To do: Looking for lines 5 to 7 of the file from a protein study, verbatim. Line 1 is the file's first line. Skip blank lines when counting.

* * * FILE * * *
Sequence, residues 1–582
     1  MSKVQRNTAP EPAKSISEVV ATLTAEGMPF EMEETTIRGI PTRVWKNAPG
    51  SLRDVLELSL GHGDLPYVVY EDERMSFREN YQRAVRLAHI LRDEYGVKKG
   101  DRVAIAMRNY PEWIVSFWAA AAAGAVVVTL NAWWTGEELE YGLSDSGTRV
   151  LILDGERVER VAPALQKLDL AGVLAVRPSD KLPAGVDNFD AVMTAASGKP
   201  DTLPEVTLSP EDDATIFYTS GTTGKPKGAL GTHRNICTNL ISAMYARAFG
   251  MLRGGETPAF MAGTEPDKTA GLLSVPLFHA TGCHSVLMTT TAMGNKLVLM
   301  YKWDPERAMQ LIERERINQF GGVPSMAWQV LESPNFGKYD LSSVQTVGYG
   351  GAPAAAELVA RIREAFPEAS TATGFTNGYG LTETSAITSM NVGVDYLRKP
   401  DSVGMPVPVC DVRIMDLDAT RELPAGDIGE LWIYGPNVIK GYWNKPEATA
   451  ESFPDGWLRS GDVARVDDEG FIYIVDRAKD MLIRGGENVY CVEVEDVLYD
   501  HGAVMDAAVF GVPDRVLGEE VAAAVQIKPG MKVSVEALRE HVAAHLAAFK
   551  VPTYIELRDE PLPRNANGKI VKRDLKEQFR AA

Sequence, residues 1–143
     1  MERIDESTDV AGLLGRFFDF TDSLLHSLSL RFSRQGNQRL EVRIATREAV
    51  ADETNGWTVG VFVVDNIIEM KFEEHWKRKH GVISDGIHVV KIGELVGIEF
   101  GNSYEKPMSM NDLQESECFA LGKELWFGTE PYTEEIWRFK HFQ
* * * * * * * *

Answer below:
   151  LILDGERVER VAPALQKLDL AGVLAVRPSD KLPAGVDNFD AVMTAASGKP
   201  DTLPEVTLSP EDDATIFYTS GTTGKPKGAL GTHRNICTNL ISAMYARAFG
   251  MLRGGETPAF MAGTEPDKTA GLLSVPLFHA TGCHSVLMTT TAMGNKLVLM